It was immediately clear that they were two of the leading young scientists in their field who had their pick of jobs in the Pharma industry, and yet, they were passionate about and willing to take the risk of changing this stagnant field of drug development. At the Foundry, we spent the course of 2018 working with them to refine their story, better define their business model, and set their early validation milestones.
BBV then became their first investor, funding them to hit those milestones, brought in their subsequent investor, Better Ventures, as well as their lead investor, Artis Ventures, for their oversubscribed Seed round in 2019. Now, they are a team of 13+ full-time scientists who are collaborating with some of the largest Pharma companies in the world on their internal drug development programs, having achieved in 12 months what one Pharma company’s internal team has been unable to do over the last few years. We believe their approach, and approaches similar to theirs at the intersection of novel tools, AI and biology, to finding drugs much faster for difficult to treat diseases will become the new standard for drug discovery over the next decade. (Others in our portfolio such as Synkrino Bio and Aether Bio fall into this category)
This is typical of our portfolio — Immulus, a Harvard spin-out founded by Omar Ali and Alex Cheung who are solving one of the biggest challenges in manufacturing cancer cell therapies, is a very similar story where BBV was their first and only investor, and within 12 months of investment, they became our first exit to Lyell Immunopharma (NASDAQ:LYEL). Our 50+ startup founders from our portfolio would gladly share their experiences with you.
Our values and approach align with the mission-driven deep tech founders
What continues to draw founders to us is our alignment of values and understanding of their mission and technology. In deep tech, it is as much about Investors finding Founders as Founders finding Investors.
The Boston Consulting Group and Hello Tomorrow recently published a report on the Deep Tech Investment Paradox. Their study shows that 81% of deep tech ventures say that the average VC investor lacks the scientific and engineering expertise to assess the deep tech potential. And that’s understandable given where the prior era of venture capital emerged from. With the wave of deep tech innovation upon us, we are positioned as leaders in this new class of venture funds.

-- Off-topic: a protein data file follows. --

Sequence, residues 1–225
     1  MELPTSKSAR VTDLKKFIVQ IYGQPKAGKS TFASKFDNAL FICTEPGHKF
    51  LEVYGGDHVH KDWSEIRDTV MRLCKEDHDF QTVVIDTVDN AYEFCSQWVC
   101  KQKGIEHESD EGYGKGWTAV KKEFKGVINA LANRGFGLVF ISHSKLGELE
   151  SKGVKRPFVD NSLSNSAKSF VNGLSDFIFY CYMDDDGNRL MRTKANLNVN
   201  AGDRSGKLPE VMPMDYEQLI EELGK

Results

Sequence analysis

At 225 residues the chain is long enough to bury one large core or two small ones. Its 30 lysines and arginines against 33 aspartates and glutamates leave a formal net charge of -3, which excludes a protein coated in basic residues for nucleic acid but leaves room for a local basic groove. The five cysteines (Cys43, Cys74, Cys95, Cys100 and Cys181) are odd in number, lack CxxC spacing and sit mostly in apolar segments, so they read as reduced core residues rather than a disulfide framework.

We focus on industrial and societal scale challenges.
Looking at the deep tech landscape today, it seems that we correctly predicted the current dominant applications in deep tech investing eight years ago when we created the Foundry: synthetic biology, applied AI, advanced materials, genetic medicines. As an example, when we first met the founders of Genedit, Kunwoo and Hyo Min, in 2016, they were already developing what we now call the 3rd generation technology for delivery of genetic medicines, behind viruses and lipid nanoparticles, what’s being used in the mRNA vaccines today.
We believe innovation over the next 10–15 years will be led by our renewed focus on society’s global challenges — areas such as health, climate, and resource scarcity are already becoming catalysts for mission-driven scientists bringing emerging technologies to the market.
The convergence of enabling technologies and global demand to meet these industrial and societal scale challenges is our definition of Deep Tech. We believe the Industrial Scaling of these technologies will also be a driver of the next big wave of innovations and likely where the future Unicorns will be. It’s not merely solving the challenge of moving technology from lab to production but moving them from small volumes to large industrial-scale volumes in order to reach as many people as possible. This is how we get a glimpse into the future.
Deep tech investing is still a fairly nascent category in today’s venture capital ecosystem. As we build a community of like-minded entrepreneurs and investors passionate about creating this new future, we welcome you to get in touch with us to discuss how we can grow this ecosystem.